Vitamins company Blackmores Limited (ASX: BKL) has reasserted itself as a market darling following the release of its full year profit result yesterday but Credit Suisse warns that this isn’t enough for investors to hang on to their shares. The warning isn’t hurting sentiment towards Blackmores though with its share price racing up a further 1.1% at the time of writing to $164.18 after adding around 10% yesterday when management unveiled record sales of $601 million and a 19% jump in net profit to $70 million. Blackmores is riding on the coat tails of the Chinese consumer like so many…
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Vitamins company Blackmores Limited (ASX: BKL) has reasserted itself as a market darling following the release of its full year profit result yesterday but Credit Suisse warns that this isn’t enough for investors to hang on to their shares.
The warning isn’t hurting sentiment towards Blackmores though with its share price racing up a further 1.1% at the time of writing to $164.18 after adding around 10% yesterday when management unveiled record sales of $601 million and a 19% jump in net profit to $70 million.
Blackmores is riding on the coat tails of the Chinese consumer like so many other market darlings have before, including A2 Milk Company Ltd (ASX: A2M) and Bellamy’s Australia Ltd (ASX: BAL).
But just as Blackmores is regaining favour with investors following its 14% slump since the start of the calendar year to just before Tuesday’s profit results, Credit Suisse downgraded the stock to “underperform” from “neutral”.
It’s nothing to do with Blackmores’ earnings outlook and just that it’s run ahead of fair value, according to the broker, although there could be a more sinister reason lurking in the background.
Credit Suisse thinks consensus forecast on the stock is too bullish, and if it is right, it means Blackmores is “cum-downgrade”!
“Management stated JunQ net sales in China grew 26%, up from about 8%- 9% in MarQ. This was driven by up-weighted marketing and promotion—the “women’s health” campaign and e-commerce platform trade deals,” said Credit Suisse.
“We model 20% China sales growth in FY19. If Blackmores were to achieve 30% sales growth in FY19 and FY20 in China, our EBITDA would align more closely to that of consensus.”
That’s a high hurdle and Blackmores’ margins may not expand as much as many may be hoping.
While there’s some operating leverage in the business where an increase in sales should lead to a larger increase to its bottom line from economies of scale, Credit Suisse thinks Blackmores may need to invest significantly more in advertising and marketing to achieve the strong sales growth that the market is pinning its hopes on.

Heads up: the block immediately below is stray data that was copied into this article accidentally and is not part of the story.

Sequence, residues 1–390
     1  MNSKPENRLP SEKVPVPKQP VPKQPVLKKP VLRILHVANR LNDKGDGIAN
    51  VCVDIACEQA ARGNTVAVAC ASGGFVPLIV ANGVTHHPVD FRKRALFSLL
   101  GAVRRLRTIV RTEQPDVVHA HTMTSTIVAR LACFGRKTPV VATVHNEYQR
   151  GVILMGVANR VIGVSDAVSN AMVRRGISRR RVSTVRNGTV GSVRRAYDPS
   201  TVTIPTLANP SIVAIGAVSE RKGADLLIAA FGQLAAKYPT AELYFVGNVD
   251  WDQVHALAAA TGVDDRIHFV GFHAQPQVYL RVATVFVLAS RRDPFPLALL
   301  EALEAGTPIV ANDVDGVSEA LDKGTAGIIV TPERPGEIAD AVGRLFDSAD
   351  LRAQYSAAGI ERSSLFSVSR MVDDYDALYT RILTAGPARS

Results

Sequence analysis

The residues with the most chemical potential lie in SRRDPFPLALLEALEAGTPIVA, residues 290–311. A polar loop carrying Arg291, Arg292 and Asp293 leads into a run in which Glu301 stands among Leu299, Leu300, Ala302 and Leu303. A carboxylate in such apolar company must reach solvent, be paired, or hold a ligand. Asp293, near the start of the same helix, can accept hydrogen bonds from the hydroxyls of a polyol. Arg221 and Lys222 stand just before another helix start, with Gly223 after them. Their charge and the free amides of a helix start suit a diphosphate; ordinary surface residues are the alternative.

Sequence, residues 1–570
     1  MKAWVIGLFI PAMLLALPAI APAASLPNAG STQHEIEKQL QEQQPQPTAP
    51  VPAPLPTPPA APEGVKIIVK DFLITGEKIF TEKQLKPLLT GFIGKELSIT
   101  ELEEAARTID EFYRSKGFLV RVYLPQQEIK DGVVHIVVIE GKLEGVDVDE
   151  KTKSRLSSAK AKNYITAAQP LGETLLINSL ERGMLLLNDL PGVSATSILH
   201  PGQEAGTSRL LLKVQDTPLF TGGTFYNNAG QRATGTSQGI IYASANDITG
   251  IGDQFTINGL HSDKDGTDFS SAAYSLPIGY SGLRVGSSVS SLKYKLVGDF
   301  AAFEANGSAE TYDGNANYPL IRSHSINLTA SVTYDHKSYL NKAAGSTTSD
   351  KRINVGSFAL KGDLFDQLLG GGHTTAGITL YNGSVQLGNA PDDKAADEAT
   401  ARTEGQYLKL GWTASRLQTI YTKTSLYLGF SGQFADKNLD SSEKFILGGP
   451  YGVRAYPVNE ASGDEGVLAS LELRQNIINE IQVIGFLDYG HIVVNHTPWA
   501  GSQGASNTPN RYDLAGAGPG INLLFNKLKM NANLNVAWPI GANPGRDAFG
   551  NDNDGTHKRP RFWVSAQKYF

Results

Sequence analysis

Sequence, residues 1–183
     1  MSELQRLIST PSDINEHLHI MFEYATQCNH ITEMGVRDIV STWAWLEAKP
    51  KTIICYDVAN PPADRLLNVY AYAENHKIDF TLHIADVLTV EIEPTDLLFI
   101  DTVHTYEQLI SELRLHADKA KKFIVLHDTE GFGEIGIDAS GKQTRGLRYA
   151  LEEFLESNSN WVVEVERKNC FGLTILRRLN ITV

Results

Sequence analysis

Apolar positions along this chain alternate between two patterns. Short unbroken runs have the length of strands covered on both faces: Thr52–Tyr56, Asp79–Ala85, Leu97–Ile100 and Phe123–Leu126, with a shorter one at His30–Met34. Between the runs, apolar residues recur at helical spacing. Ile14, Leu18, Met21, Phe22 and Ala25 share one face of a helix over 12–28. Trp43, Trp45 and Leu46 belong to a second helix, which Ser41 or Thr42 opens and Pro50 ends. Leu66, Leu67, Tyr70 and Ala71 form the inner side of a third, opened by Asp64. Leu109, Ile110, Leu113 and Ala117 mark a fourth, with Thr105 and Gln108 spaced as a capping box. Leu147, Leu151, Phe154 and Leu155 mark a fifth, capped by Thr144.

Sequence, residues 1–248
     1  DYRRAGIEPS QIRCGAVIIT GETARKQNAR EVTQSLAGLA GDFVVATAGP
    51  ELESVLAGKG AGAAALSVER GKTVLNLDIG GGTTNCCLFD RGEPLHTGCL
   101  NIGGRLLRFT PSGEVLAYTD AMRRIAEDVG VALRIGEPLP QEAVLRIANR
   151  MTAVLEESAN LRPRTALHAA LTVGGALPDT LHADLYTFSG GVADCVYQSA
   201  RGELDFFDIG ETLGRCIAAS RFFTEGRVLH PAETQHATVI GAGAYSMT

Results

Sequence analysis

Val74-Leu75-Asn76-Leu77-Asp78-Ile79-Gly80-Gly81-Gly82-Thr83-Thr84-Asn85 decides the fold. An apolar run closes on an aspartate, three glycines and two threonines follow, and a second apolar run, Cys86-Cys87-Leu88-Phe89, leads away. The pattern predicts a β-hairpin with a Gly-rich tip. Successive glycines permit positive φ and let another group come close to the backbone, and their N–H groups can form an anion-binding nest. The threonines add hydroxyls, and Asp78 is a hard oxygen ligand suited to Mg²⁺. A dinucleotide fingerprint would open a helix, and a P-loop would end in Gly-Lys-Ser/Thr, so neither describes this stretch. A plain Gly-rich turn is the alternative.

“Health & Happiness (Swisse) reported yesterday a group-wide increase in advertising and marketing of about A$56mn, +93% (across both its divisions) in the June half vs pcp. Total H&H advertising and marketing ran at 12% in the June half,” added the broker.
“For BKL, A&M [advertising and marketing] (excl. selling) is perhaps less than 10% of sales. Nevertheless, we model 100 bp of Group EBITDA margin expansion to FY20 from scale, cost reduction program and newly acquired factory that partially internalises supply.”
Even in Australia, Blackmores has not been able to keep up with archrival Swisse as it posted sales growth of 20% in the June quarter compared to a relatively flat result for Blackmores.
What’s more, Blackmores is trading on a FY20 price-earnings (P/E) multiple of around 30 times based on Credit Suisse’s numbers, and that’s similar to A2 Milk or Treasury Wine Estates Ltd (ASX: TWE) which have better nearer-term growth prospects.
There’s another stock with a brighter outlook than Blackmores as well, according to the experts at the Motley Fool. This stock may have race ahead of the S&P/ASX 200 (Index:^AXJO) (ASX:XJO) in FY18 but it still has room to outperform the market.
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Motley Fool contributor Brendon Lau has no position in any of the stocks mentioned. The Motley Fool Australia owns shares of and has recommended Blackmores Limited. The Motley Fool Australia owns shares of A2 Milk. The Motley Fool Australia has recommended Treasury Wine Estates Limited. We Fools may not all hold the same opinions, but we all believe that considering a diverse range of insights makes us better investors. The Motley Fool has a disclosure policy. This article contains general investment advice only (under AFSL 400691). Authorised by Scott Phillips.